It is difficult to overlook the past and present role that gold had on Alaska. There are evidences of it in everything from the painted goldpans and gold nugget jewelry in gift shops all over the state, to the gold exhibit at the University of Alaska Museum in Fairbanks, to hotels such as Gold Miner’s, Golden North, Motherlode, and the Golden Nugget, to events such as Valdez Gold Rush Days and Fairbanks Golden Days.
In 1861 gold was found in nearby British Columbia. It was the 1870's when gold was first discovered in Southeast Alaska. In 1872 gold was discovered near Sitka. In 1876 Windham Bay was the location of the second gold strike.
In 1880 the first large discovery of gold in Alaska came in Juneau when two prospectors led by a Native American discovered some galena and black sulfite, large pieces of quartz and gold in a creek that is now known as Gold Creek. They collected one thousand pounds of ore on their original trip. One of the Prospectors named Richard Harris provided his name to the Harris Mining District. The other prospector named Joseph Juneau provided his name to the city itself.
In the 1890’s, gold strikes near Nome and in the Klondike had enticed prospectors to Alaska. Many of these prospectors rode steamships in Southeast Alaska to Skagway where they started their journey to the Klondike. Another port of entry for prospectors of the Klondike was Valdez, Alaska near the Thompson Pass and Keystone Canyon.
In 1898 the discovery of gold at Anvil Creek to the north attracted numerous potential prospectors, even Wyatt Earp, to the Nome region. Then gold was discovered on the beaches of Nome, and prospectors continue to find gold there today. In the 1990’s there was a major commercial gold dredging operation conducted offshore.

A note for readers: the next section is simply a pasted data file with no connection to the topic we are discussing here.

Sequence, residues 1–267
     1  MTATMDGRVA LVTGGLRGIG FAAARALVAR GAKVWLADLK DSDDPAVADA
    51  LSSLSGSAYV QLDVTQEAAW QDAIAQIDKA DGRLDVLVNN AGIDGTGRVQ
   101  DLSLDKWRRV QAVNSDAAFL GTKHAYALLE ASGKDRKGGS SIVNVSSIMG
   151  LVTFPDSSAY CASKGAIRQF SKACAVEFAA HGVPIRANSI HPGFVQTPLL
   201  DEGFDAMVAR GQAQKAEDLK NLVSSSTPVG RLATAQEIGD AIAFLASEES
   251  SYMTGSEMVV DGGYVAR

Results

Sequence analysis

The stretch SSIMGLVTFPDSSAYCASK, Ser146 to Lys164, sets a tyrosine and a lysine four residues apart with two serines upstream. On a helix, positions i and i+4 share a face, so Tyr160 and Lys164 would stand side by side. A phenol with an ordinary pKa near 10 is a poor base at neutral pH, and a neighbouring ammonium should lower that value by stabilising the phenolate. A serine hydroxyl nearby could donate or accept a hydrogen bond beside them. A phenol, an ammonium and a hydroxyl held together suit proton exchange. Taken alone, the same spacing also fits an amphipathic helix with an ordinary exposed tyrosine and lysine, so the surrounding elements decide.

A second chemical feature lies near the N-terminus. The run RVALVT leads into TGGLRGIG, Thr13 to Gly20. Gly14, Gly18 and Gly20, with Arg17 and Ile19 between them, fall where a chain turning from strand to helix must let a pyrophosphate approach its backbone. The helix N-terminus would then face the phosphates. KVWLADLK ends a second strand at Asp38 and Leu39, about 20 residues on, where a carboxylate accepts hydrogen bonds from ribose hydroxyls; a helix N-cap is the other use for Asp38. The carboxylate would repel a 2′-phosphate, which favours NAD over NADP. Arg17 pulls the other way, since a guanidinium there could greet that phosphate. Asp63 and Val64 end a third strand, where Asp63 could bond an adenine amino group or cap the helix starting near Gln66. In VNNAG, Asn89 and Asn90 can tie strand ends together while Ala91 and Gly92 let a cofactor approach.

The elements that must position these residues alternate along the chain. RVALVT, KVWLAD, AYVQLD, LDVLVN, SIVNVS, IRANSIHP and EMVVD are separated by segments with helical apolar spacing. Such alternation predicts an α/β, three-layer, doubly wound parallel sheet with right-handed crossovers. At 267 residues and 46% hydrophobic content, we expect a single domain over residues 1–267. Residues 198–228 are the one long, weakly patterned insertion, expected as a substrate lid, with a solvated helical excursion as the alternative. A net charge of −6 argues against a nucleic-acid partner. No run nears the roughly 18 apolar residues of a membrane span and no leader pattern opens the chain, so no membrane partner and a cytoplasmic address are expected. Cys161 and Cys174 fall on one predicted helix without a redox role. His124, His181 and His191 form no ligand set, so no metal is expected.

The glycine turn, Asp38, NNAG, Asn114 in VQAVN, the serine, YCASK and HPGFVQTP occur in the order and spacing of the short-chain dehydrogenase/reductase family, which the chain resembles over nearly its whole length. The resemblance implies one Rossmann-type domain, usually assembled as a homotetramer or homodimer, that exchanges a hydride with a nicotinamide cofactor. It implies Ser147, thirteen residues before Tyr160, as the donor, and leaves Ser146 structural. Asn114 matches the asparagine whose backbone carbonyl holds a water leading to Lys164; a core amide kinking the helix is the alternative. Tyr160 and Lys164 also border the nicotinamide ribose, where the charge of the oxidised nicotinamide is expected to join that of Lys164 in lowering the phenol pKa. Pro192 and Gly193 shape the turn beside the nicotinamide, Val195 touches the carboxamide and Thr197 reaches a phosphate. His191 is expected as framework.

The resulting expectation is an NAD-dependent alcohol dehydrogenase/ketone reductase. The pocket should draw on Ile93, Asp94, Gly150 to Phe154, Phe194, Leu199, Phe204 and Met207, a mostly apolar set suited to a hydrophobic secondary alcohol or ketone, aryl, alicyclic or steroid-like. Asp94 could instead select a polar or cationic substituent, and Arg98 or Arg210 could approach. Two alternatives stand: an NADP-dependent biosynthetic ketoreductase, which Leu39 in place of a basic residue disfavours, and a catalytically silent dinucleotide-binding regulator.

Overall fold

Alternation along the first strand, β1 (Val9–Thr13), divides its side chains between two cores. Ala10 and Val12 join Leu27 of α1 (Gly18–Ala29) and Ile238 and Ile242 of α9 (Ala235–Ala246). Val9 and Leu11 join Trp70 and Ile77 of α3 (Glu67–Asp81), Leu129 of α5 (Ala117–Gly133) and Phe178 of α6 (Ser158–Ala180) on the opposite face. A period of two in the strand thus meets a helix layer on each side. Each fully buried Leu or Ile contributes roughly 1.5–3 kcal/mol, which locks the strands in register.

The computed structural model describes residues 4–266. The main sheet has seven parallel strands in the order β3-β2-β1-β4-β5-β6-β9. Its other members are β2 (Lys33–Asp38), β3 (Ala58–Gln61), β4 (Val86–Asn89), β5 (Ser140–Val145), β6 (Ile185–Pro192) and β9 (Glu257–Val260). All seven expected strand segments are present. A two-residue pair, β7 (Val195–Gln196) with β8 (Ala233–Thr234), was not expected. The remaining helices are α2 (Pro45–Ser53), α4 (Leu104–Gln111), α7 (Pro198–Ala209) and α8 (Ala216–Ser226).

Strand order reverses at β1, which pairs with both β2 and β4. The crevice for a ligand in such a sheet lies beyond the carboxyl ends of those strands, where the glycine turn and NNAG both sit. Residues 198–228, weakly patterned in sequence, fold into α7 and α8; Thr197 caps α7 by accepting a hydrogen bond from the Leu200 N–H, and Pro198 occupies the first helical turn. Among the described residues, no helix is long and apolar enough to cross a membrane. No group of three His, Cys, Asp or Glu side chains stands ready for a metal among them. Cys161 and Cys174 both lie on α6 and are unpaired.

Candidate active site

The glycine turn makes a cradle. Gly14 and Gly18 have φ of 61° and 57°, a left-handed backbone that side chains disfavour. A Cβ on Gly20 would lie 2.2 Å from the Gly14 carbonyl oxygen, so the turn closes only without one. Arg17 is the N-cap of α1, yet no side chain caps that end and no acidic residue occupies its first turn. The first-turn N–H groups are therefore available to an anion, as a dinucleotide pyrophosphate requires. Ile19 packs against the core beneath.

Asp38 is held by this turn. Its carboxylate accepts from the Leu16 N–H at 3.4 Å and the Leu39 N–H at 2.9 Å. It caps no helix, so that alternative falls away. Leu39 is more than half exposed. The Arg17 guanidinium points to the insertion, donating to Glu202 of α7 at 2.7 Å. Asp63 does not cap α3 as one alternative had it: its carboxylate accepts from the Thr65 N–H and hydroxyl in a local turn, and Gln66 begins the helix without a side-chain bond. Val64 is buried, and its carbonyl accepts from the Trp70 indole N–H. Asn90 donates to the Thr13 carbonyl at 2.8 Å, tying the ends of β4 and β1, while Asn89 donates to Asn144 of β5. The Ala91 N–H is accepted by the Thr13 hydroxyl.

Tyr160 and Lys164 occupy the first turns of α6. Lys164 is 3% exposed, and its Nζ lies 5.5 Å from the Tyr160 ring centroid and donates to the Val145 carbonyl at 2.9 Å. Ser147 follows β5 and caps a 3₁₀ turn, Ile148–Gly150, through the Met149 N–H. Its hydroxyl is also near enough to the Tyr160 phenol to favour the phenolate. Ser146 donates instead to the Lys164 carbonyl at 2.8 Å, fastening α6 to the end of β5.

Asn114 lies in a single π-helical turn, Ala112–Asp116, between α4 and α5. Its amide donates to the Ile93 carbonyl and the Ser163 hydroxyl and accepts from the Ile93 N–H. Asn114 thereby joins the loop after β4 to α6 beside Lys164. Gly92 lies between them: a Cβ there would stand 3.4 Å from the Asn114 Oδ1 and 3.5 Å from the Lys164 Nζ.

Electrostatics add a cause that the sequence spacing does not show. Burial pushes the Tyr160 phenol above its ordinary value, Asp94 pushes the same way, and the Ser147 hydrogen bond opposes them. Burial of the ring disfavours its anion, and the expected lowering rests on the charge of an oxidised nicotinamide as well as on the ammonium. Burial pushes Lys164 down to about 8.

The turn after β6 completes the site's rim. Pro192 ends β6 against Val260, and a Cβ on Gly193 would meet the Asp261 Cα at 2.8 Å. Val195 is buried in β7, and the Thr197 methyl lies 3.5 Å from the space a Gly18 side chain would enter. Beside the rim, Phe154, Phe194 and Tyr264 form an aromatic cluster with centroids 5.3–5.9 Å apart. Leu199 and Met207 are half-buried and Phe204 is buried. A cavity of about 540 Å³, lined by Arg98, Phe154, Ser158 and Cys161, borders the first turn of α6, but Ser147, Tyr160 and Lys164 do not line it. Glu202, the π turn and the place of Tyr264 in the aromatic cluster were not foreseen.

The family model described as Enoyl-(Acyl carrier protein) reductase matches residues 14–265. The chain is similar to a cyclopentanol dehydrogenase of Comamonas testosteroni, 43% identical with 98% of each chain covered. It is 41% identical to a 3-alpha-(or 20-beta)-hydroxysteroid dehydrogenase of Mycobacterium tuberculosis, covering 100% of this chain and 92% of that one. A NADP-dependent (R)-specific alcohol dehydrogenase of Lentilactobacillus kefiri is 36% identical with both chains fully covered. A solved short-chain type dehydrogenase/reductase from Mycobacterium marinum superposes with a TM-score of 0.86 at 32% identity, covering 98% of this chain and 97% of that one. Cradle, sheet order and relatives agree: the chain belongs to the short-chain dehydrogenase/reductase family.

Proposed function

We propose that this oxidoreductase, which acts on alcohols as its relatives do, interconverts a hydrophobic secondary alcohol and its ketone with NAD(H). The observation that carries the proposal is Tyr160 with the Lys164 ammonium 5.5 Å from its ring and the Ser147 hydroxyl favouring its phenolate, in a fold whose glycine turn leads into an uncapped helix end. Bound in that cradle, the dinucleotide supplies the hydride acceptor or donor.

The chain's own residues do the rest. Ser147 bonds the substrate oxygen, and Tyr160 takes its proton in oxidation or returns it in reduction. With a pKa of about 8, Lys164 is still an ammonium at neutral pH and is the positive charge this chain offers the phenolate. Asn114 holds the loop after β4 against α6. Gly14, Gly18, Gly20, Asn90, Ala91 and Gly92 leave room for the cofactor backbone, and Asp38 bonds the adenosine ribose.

Many communities in Alaska got their start as a result of the gold rush. In 1902 after gold was discovered in a creek north of Fairbanks, the town became a center of mining activity and an important supply post. These days in the Fairbanks region, there are some major gold mining operations continuing. Potential prospectors can try panning for some gold and tour some of these operations.
During the 1895 through 1898 gold rush at Cook Inlet Hope, located on the Kenai Peninsula, there was a thriving community of some 3,000 people. These days the hunt for gold still continues although the population is only 200 people.
A large deposit of gold was discovered approximately 235 miles southwest of Anchorage near Lake Iliamna. This deposit was estimated to have 31.3 million ounces of gold, which makes it the largest gold deposit in North America.